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As homework I had to implement many sorting algorithms including radix sort in Java. The task is to sort doubles in the range [0-1) that are rounded to the 10th decimal point.

I thought of 2 ways on doing radix sort, one using counting sort and another one using buckets. They both work but they are extremely slow compared to quick sort. On average quick sort takes 0.068 seconds on a 800,000 doubles array, and both radix sorts are around 0.36 second. Any suggestions on how I can optimize any of the algorithms?

Using counting sort:

public class RadixSort implements Sorter {
    private static final long BIG_NUM = (long) Math.pow(10, 10);

    @Override
    public void sort(double[] ar) {
        Container[] containers = new Container[ar.length];
        for (int i = 0; i < ar.length; i++) {
            containers[i] = new Container(ar[i]);
        }
        for (long j = BIG_NUM; j >= 10; j = j / 10) {
            for (int i = 0; i < ar.length; i++) {
                double temp = containers[i].source * j;
                if (j != BIG_NUM) {
                    temp = Math.floor(temp);
                }
                long temp2 = (long) (temp % 10) + 1;
                containers[i].forCountingSort = temp2;
            }
            containers = countingSort(containers, 10);
        }
        for (int i = 0; i < ar.length; i++) {
            ar[i] = containers[i].source;
        }
    }


    private Container[] createOutput(Container[] org) {
        Container[] output = new Container[org.length];
        for (int i = 0; i < org.length; i++) {
            output[i] = new Container();
        }
        return output;
    }

    /**
     * @param containers array of container objects.
     * @param maxVal     max value for the contingsort range;
     * @return new Container[] array partly sorted with Countingsort.
     */
    public Container[] countingSort(Container[] containers, int maxVal) {
        int[] c = new int[maxVal];
        Container[] b = createOutput(containers);
        for (int j = 0; j < containers.length; j++) {
            if (containers[j].forCountingSort != 0)
                c[(int) containers[j].forCountingSort - 1]++;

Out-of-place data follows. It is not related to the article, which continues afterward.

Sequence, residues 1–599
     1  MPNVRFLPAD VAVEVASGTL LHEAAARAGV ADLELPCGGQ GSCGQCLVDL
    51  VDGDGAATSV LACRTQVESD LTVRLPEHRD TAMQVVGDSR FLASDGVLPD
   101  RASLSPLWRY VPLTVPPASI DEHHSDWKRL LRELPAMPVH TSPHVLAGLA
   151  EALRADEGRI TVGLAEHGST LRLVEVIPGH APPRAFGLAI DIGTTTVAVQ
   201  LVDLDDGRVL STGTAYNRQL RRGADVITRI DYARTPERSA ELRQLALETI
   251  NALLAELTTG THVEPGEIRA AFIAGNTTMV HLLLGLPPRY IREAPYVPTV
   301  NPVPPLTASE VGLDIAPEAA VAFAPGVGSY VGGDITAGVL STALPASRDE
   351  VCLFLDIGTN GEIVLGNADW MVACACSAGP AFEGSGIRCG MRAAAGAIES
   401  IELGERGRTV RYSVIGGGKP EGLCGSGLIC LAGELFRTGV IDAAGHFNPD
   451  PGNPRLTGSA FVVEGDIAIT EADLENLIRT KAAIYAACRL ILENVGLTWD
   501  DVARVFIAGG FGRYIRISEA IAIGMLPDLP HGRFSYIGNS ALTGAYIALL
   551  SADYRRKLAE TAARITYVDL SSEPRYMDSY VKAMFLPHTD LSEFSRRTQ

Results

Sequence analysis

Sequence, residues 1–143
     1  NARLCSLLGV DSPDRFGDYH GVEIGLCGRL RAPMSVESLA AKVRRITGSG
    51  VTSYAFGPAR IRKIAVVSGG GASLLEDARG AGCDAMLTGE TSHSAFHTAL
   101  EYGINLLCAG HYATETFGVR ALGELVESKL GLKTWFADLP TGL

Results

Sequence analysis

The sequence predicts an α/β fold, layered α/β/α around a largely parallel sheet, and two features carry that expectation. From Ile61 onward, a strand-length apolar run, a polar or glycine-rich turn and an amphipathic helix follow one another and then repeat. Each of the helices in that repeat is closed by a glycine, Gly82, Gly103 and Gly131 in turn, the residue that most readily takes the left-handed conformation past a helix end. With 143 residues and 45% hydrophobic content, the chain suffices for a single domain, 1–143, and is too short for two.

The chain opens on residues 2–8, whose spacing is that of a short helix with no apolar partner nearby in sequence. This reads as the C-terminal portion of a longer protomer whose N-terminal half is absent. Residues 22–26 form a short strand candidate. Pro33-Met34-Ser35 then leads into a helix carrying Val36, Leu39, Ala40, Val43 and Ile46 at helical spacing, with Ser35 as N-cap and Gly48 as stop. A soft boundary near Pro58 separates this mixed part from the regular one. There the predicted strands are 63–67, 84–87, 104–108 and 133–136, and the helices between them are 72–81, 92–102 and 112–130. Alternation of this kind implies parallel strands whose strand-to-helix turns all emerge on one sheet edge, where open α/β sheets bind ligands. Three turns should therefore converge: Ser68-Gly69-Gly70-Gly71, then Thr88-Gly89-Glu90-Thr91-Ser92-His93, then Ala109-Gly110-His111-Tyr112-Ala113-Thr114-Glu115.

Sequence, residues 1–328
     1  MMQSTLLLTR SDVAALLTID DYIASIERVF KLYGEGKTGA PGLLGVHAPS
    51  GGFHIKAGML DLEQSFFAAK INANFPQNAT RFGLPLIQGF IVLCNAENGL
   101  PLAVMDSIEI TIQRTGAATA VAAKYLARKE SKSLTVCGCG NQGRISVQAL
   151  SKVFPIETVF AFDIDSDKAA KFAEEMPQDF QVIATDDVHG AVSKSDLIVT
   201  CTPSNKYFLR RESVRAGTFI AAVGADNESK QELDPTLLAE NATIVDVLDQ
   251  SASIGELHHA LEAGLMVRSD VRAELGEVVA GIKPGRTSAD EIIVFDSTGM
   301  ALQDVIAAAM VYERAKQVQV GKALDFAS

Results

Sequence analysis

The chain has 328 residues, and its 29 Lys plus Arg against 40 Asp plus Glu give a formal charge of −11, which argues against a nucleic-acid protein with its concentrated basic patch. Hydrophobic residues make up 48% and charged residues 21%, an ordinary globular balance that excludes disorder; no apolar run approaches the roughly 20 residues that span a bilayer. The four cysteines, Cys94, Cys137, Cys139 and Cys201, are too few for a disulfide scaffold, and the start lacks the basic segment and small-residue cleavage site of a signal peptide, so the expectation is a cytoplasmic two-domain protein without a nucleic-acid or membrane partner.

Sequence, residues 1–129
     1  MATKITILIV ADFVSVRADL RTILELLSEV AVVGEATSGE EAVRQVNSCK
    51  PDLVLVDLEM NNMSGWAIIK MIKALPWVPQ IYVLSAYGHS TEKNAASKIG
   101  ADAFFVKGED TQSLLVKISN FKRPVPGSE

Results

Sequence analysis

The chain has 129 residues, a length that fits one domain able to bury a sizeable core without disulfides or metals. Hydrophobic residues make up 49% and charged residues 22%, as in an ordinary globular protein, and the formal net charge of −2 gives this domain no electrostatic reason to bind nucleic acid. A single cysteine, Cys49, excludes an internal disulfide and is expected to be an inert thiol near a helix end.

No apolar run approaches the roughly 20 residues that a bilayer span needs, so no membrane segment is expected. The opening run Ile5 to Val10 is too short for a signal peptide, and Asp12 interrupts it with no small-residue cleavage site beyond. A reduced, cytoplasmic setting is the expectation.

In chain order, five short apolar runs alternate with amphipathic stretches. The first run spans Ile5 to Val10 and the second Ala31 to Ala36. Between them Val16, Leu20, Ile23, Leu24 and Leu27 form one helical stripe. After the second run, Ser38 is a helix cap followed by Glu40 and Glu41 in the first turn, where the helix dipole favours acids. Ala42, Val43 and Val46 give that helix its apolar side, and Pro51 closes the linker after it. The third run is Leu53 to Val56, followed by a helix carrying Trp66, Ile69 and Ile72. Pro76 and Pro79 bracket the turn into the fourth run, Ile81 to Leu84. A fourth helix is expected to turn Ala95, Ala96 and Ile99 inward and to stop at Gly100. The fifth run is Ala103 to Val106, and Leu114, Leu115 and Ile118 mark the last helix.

}
        for (int j = 1; j < c.length; j++) {
            c[j] += c[j - 1];
        }
        for (int j = containers.length - 1; j >= 0; j--) {
            if (containers[j].forCountingSort != 0) {
                b[c[(int) containers[j].forCountingSort - 1] - 1].forCountingSort = containers[j].forCountingSort;
                b[c[(int) containers[j].forCountingSort - 1] - 1].source = containers[j].source;
                c[(int) containers[j].forCountingSort - 1]--;
            }
        }
        return b;
    }


    /*
    Object to keep track of the original double while using counting sort;
     */
    public static class Container {
        long forCountingSort;
        double source;

        public Container(double source) {
            this.source = source;
        }

        @Override
        public String toString() {
            return "source: " + source + "int: " + forCountingSort;
        }

        public Container() {
        }
    }

}

Using buckets:

public class newRadixSort implements Sorter {
    private static final long BIG_NUM = (long) Math.pow(10, 10);
    private ArrayList<Double>[] buckets = getBuckets();

    @Override
    public void sort(double[] ar) {
       /* iterates over the array 10*n times,
       each iteration in the inside loop it puts the double int a bucket according
       to it's corresponding digit.
        */
        for (long j = BIG_NUM; j >= 10; j = j / 10) {
            for (int i = 0; i < ar.length; i++) {
                int index = (int) ((ar[i] * j) % 10);
                buckets[index].add(ar[i]);
            }

            /*
            merges all the bucket's into the output array
            and empty the buckets for reuse
             */
            for (int n = 0; n < ar.length; n++) {
                for (int k = 0; k < buckets.length; k++) {
                    for (int h = 0; h < buckets[k].size(); h++) {
                        ar[n] = buckets[k].get(h);
                        n++;
                    }
                    buckets[k] = new ArrayList<>();
                }
                }
            }
        }


    }

    /**
     * creates 10 buckets for the sorting
     *
     * @return ArrayList<Double>[] with 10 buckets.
     */
    public ArrayList<Double>[] getBuckets() {
        ArrayList<Double>[] al = new ArrayList[10];
        for (int i = 0; i < al.length; i++) {
            al[i] = new ArrayList<>();
        }
        return al;
    }
}
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In general, any math on doubles is slower than on integers. In addition, you have repeated downcasting from double to int which also incurs a hit.

You know your decimal value is up to 10 digits -- just a smidge too many digits to guarantee you can move the decimal and represent it as an int, but you can represent it as a long which is just as good because java and modern hardware architectures are 64 bits. So, any math on them will be really fast.

Why not convert the decimal to a long

Math.floor(d * 10000000000L)

by shifting the digits left, performing your digit selection and bucket sorting, then outputting them back in decimal form? Like, take your random set and first convert all of them.

I would expect better overall execution time.

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